DCF delayed filing a legal motion with the court to restore his mom’s custody, according to the report.
Guardian ad litem
DCF also didn’t inform the guardian ad litem, the court or Liam’s attorney that the father had violated the order of protection. His lawyer and guardian ad litem also didn’t ask for any DCF records “during much of the case,” and visited him at home only once before he died.
A guardian ad litem is the court-appointed individual tasked with looking out for the best interests of the child. They’re often appointed in cases in which the child is too young to speak for themselves.
The child advocate’s report recommended that the Office of the Chief Public Defender strengthen the legal representation of children through quality assurance measures and ensure attorneys can bill for activities such as reviewing records and communicating with service providers.
OCA recommended that the legislature create a working group to review legal services for children in Connecticut and offer enough staff to the Office of the Child Advocate to enhance its capacity to review the agency, among other oversight recommendations.
Chief Public Defender TaShun Bowden-Lewis declined to comment on the report.
In April, Liam’s doctor found that his weight was dropping again since returning home. DCF held a meeting to review his case. Liam’s father was also released from prison with probation requirements that he cooperate with DCF, but the department records don’t show attempts to contact him after May 2022, according to the report.
Adult Probation Services was monitoring Ismalej-Gomez, but didn’t verify his address. An internal review found that his case needed a domestic violence screening, which would have meant he was given a “high supervision” level with more contacts.
OCA recommended that the Judicial Branch Court Support Services Division take steps to strengthen agency policy that impacts children such as enhanced home visits and address verifications.
The office also recommended that the Superior Court for Juvenile Matters ensure that the court has reliable information about kids’ safety and wellbeing. The report says that foster parents should be consistently notified of juvenile court hearings and their right to be heard in court.
This came up as an issue during the last legislative session when a group of foster parents pushed for a foster parents’ bill of rights, citing concerns such as inconsistency in whether their concerns are heard in court.
“The Judicial Branch worked closely with the Office of the Child Advocate with respect to the Branch’s involvement in this investigation,” said Judicial Branch spokeswoman Rhonda Stearley-Hebert in a written statement. “The Branch has addressed the policy violations identified in this report to ensure similar violations will not occur in future cases. Although the Branch’s policies and procedures were found to be sound in the areas reviewed, we will continue to review and discuss whether additional modifications should be implemented.”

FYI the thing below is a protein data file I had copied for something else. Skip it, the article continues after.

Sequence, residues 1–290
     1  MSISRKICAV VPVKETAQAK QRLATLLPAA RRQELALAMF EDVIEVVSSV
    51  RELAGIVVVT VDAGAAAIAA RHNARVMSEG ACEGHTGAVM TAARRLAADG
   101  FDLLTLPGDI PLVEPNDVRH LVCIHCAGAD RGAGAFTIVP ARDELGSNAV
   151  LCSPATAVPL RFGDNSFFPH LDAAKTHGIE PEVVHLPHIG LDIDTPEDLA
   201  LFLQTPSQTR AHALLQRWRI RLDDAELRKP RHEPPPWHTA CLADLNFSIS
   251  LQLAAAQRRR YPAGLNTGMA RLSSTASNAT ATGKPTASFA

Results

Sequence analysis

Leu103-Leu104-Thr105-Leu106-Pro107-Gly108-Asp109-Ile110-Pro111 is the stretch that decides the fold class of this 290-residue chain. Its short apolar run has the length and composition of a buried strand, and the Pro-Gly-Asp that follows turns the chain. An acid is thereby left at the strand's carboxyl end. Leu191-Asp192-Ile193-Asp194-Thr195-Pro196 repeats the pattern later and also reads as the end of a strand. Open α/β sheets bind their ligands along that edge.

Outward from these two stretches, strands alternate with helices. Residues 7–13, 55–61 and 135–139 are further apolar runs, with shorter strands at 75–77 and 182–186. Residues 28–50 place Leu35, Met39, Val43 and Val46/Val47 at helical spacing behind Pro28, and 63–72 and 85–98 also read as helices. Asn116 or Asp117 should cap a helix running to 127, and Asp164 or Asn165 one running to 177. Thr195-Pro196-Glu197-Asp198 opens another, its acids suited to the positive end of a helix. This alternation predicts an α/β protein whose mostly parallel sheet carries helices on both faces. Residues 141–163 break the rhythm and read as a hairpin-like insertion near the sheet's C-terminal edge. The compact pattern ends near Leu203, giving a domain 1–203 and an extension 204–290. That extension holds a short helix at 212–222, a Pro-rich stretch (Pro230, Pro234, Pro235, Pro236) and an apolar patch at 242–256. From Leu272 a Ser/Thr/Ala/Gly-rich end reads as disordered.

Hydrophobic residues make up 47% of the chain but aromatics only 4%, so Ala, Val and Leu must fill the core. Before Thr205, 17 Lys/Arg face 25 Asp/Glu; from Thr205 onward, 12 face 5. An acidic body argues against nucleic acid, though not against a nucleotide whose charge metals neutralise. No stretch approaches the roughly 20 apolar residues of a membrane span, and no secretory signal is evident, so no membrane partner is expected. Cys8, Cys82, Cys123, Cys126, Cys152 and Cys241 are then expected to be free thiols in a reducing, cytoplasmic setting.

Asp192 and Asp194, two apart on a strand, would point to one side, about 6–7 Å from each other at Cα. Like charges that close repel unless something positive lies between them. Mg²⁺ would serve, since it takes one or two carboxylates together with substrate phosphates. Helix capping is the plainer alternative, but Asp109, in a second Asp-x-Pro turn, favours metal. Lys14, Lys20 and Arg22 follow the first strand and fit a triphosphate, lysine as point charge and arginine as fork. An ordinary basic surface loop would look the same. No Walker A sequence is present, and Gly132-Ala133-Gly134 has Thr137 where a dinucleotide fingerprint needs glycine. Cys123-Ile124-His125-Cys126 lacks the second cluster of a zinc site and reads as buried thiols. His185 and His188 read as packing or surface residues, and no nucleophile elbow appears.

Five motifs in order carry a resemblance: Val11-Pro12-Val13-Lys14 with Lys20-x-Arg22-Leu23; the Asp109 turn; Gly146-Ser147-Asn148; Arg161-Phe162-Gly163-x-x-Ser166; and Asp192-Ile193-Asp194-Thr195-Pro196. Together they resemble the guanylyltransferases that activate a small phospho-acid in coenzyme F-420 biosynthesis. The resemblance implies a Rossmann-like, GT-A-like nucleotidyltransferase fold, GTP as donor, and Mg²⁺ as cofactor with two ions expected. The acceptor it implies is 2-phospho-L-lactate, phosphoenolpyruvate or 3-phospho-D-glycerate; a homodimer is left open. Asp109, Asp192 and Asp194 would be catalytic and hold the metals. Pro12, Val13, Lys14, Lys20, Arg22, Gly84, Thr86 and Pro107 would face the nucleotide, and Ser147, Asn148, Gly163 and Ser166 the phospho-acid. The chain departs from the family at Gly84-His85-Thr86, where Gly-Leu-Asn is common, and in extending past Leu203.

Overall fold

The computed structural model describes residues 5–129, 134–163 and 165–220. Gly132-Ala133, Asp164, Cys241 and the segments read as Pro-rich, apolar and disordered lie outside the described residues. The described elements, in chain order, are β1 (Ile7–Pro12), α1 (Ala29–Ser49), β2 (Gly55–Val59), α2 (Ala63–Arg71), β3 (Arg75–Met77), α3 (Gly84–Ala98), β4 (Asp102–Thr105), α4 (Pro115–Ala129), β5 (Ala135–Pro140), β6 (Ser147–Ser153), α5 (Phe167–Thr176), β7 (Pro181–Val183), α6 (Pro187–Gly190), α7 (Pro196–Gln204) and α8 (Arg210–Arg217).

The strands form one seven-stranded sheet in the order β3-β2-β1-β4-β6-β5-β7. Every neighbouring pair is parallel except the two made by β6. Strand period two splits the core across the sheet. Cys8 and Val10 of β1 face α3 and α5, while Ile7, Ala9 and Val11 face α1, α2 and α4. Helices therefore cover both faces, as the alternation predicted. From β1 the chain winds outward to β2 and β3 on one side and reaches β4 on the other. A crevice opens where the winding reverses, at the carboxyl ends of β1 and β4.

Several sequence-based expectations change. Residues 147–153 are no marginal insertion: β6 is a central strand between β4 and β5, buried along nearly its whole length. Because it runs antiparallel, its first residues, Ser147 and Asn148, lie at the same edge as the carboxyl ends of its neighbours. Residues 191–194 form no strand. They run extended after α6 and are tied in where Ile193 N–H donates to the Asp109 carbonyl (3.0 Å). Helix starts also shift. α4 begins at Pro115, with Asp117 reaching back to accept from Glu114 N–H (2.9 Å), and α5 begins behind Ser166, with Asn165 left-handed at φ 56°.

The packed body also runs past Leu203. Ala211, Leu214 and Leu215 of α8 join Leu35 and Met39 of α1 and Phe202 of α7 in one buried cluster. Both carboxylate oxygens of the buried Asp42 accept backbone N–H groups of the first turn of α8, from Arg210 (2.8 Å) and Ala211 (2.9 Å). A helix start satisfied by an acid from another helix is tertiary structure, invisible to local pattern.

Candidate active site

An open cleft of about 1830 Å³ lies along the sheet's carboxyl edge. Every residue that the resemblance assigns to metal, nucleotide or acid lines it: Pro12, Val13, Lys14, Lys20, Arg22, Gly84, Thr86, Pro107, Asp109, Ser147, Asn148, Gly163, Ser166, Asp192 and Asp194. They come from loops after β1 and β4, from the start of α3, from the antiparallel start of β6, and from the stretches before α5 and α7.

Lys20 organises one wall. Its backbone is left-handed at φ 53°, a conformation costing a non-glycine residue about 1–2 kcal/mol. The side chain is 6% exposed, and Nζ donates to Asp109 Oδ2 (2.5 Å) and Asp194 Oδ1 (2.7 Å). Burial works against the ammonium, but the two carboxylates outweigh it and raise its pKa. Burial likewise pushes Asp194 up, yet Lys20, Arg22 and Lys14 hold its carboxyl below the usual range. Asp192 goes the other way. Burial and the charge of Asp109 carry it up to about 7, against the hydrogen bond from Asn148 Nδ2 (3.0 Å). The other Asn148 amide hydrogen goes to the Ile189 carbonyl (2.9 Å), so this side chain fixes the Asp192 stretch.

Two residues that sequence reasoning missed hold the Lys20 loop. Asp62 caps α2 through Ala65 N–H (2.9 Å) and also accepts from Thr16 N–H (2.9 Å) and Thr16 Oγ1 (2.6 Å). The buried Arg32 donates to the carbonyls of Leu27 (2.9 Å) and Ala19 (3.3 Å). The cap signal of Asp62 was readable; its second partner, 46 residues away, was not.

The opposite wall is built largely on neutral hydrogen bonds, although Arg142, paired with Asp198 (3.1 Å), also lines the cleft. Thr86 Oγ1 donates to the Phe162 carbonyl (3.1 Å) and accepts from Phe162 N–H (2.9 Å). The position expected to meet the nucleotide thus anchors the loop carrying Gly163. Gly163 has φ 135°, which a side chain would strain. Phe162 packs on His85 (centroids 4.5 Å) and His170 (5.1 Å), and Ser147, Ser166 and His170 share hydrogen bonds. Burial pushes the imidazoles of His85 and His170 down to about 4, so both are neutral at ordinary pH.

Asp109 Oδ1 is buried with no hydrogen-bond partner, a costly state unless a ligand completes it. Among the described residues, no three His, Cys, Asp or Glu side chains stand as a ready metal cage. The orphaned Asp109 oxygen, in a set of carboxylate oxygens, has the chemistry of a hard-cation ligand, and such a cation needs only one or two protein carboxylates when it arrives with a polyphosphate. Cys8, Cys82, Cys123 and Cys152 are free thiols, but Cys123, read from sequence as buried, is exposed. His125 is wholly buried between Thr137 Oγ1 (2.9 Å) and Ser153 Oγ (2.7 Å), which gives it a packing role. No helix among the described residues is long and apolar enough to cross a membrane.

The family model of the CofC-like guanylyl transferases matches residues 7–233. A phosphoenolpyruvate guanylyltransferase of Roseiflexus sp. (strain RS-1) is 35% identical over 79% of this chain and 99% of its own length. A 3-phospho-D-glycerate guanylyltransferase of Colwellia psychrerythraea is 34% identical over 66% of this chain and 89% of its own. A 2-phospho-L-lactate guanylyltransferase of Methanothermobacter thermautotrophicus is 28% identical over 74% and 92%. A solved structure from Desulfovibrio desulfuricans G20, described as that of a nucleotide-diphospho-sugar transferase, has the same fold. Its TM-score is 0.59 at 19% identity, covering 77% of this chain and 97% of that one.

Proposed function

By June 2022, Ismalej-Gomez had stopped contacting his probation officer, according to the report. DCF also filed a motion to restore Liam’s mother’s custody in June. The agency’s motion included information about the January protective order, but not other key pieces of information such as Rivera’s false complaint charges or DCF’s investigation.
The agency also “erroneously” said that Liam was in the 50th percentile for his weight, when he was actually losing weight and left out information about his injuries, according to the report. The court decided to return Liam to his mother’s custody.
From July 2022 until Liam’s death in December 2022, DCF staff visited twice a month, and all the visits were announced. Staff also didn’t consistently use an interpreter, although English wasn’t the parents’ first language. They also didn’t contact his medical provider, an alleged breach of DCF policy and federal law, according to the report.
In September 2022, DCF staff said Liam was thin and unable to verbalize. They made a referral to get his development assessed. In late October, Liam got another failure to thrive diagnosis.
“The doctor called the DCF caseworker the same day to report the concerns about Liam’s weight and noted that he had normal weight trajectory while in foster care,” says a summary of the report. “The DCF record did not reference this call until a month after Liam died. There was no DCF follow-up with the doctor, and Liam was a ‘no-show’ for his follow-up appointment the following month — no additional notification to DCF made.”
In December, DCF noted that Liam still looked thin and like he had again lost weight.
In January, Liam’s mom said that he had gotten hurt and died and could be found in a park in Stamford, and she denied responsibility.
His weight at death was 17 pounds, 7 pounds less than he weighed when he left the foster home, according to the report.
“We are raising a red flag here,” Eagan said. “And there are questions here that need to be asked and follow-up that needs to occur.”
In a statement offered to the child advocate, DCF pointed to workgroups that look at intake, caseloads, case plans, and visitation standards as evidence that they are instituting quality assurance measures.
It also said they were working to better engage undocumented families, developing a nurse standard to incorporate a child’s weight and history of failure to thrive in assessments, improving partnership with foster parents by working with the national Youth Law Center to push a relationship-based system, and working with the Connecticut Association of Foster and Adoptive Families, among other initiatives.
Dorantes’ statement also said that the department can’t go into certain details of Liam’s case because of the ongoing investigation.
“We were notified of Liam’s death by the Stamford Police Department on 1/2/23 and, that same day, commenced a joint investigation with SPD. Our last contact with the family was approximately one week prior to his death,” her statement read. “During that home visit, the children were assessed to be safe after being interviewed and were visible to family members and community partners.
“Liam’s siblings are no longer in the home and are being well cared for while receiving specialized supportive interventions from community providers,” the statement said.
The OCA report also recommended that DCF take steps to develop clear protocols and checklists to help in handling cases of very young children like Liam.
“OCA supports maintaining children safely in their homes whenever possible as undue use of foster care can be traumatic and destabilizing for a child,” the report’s summary says. “Very young children like Liam are at greatest risk of poor outcomes.”
It also recommended more reliable communication with lawyers and guardians ad litem about case plan meetings and abuse or neglect reports.
“Given persistent findings of concern regarding practice in open cases like Liam’s, and the end of federal court oversight of DCF, meaningful state oversight of DCF operations is warranted,” the report says.